A HOLYROOD bid to bring in a sugar tax in an attempt to tackle the country’s obesity problem could be set back if the TTIP agreement between Europe and the United States goes head, campaigners have warned.

Ministers have been considering such a measure after senior experts suggested levies on soft drinks such as colas and lemonades would help tackle health issues related to poor diet. However, the Mexican Government was forced to pay out $77 million to US sugar company Cargill when it initially drew up plans for a sugar tax several years ago.

The sugar tax was introduced but during the process the Mexican authorities had to hand over “compensation” to Cargill.

The firm had used a legal measure called Investor State Dispute Settlement in the North American Free Trade Agreement (NAFTA) which allows firms to take action over legislation they argue will damage their profits.

The Transatlantic Trade and Investment Partnership (TTIP) is currently being negotiated between the European Union and the US, and, like Nafta, includes a ISDS mechanism.

Nick Dearden, director of the anti-TTIP campaign group Global Justice Now, said the TTIP treaty could hamper any plans for a sugar tax in Scotland. “The sugar tax is a good example of how governments might want to use taxation as a means of achieving a social benefit – in this case addressing the obesity crisis,” he said.

“But under TTIP companies could sue governments in secret courts if they felt such tax measures were harmful to their profits. This is what happened when Mexico tried to introduce a sugar tax. US agribusiness companies were able to use a similar trade deal to sue Mexico for millions.”

Last year, Professor Simon Capewell, of the University of Liverpool, called on the Scottish Government to introduce a sugar tax, saying sugar consumption had fallen in countries where one had been brought in.

Speaking at the Royal College of Physicians of Edinburgh conference, he added: “Scotland has an excellent track record in addressing public health issues. Notable achievements include smoke-free public places and proposals for minimum unit pricing for alcohol. We need to explore how these developments could be repeated with sugary drinks.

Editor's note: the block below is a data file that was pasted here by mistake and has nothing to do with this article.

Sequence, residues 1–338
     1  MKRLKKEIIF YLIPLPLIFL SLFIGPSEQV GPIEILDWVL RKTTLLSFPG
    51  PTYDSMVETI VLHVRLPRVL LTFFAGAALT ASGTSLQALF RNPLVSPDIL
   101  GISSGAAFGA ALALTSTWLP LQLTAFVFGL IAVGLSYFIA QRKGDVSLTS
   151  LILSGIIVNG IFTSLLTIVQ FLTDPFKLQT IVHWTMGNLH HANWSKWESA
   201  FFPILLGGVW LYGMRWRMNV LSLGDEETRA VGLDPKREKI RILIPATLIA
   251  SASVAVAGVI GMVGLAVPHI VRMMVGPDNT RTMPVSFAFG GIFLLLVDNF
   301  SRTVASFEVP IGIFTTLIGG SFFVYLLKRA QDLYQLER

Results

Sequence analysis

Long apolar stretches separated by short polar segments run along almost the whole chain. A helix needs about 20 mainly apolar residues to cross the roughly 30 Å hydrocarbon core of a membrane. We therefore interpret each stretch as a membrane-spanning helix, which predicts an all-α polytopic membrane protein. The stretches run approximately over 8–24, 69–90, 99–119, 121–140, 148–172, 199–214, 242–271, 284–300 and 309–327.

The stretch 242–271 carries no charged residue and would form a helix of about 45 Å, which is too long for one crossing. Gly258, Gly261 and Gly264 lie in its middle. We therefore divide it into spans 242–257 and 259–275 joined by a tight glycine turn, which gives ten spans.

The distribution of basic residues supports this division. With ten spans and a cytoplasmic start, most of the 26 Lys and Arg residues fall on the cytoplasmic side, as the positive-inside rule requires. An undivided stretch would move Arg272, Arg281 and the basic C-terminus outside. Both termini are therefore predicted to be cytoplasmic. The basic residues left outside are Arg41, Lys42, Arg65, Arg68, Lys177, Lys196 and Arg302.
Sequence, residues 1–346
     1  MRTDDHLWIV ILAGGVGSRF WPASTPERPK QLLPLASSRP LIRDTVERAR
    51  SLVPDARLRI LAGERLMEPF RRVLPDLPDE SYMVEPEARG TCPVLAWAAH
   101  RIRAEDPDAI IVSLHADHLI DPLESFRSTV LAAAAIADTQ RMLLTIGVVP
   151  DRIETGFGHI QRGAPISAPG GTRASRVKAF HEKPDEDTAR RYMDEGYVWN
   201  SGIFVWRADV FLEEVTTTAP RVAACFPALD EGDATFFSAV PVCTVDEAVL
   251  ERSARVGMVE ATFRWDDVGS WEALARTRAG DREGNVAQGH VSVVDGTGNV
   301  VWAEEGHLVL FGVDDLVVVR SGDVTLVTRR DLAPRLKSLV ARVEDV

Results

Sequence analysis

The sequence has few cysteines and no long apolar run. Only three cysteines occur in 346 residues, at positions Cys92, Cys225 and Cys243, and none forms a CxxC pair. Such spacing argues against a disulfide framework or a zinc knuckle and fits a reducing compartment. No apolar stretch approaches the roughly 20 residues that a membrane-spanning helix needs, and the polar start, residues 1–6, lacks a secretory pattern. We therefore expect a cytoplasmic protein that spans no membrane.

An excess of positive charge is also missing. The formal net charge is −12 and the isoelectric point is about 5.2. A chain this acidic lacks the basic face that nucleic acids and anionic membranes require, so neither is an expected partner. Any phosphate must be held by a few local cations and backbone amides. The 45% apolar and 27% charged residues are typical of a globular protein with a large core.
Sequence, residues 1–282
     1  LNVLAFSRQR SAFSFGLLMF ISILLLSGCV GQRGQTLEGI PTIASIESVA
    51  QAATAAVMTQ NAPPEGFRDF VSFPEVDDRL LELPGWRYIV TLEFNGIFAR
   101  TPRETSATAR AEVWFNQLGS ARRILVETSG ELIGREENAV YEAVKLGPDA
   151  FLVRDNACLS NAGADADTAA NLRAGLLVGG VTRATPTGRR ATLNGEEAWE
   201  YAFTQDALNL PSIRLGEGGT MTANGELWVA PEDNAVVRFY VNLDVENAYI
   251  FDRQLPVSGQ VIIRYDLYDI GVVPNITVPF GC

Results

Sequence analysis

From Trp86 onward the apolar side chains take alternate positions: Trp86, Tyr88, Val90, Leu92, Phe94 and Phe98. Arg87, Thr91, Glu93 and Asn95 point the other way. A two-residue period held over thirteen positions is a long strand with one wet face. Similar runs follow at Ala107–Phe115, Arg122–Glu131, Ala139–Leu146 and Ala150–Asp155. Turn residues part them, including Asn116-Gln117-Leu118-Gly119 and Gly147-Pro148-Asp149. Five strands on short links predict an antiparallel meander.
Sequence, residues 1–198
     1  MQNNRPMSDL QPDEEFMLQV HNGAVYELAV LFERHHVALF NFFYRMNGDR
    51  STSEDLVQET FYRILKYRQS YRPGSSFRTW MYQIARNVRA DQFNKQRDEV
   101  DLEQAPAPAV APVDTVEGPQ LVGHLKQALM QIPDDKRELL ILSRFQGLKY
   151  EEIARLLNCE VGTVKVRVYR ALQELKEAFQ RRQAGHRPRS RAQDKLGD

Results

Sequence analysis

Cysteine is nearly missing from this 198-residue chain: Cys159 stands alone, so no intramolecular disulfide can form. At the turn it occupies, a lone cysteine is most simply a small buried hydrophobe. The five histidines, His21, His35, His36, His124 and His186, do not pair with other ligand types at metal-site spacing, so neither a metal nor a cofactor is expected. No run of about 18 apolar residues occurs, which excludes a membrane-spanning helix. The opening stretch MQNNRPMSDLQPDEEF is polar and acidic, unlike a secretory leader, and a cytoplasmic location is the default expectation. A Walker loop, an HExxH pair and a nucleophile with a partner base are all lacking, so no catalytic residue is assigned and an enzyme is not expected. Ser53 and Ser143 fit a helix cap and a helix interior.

“The medical profession has learned valuable lessons from two centuries of public health successes and it is clear that a duty on sugary drinks can play a vital role.”

Figures show that one in three adults in Scotland are thought to be obese, while one in three Scots children are at risk of obesity, which is linked to diseases such as cancer and diabetes. A report by Scottish Parliament researchers last year revealed that obesity cost the Scottish economy up to £4.6 billion a year in terms of people dying younger or being off sick from work and drained the NHS of up to £600 million annually.

The creation of new taxes is broadly reserved to Westminster. However, Holyrood could propose such a law so long as it got the approval of Westminster.

The 12th round of TTIP negotiations between the European Commission and the US will take place on 22 February. ISDS is still included in the proposals.

Responding to the call for the Scottish Government to introduce a sugar tax, a spokesman last year said ministers will “consider the evidence around the effect of food taxes in helping to improve dietary choices”.

Yesterday a Scottish Government spokesman added: “The Scottish Government has no direct power to introduce a sugar, or soda, tax. However, we are examining what further effective actions we can take within the current powers of the Scottish Government and we are continuing to work closely with retailers, including major supermarket chains, to encourage them to offer healthier choices.

“There are clear health benefits associated with reducing sugar consumption, as part of a healthy diet. We’re taking a range of actions to improve diet, including spending over £10m in the four years to 2016 on projects to encourage healthy eating.”

The National View: Holyrood should take the lead and roll out a sugar tax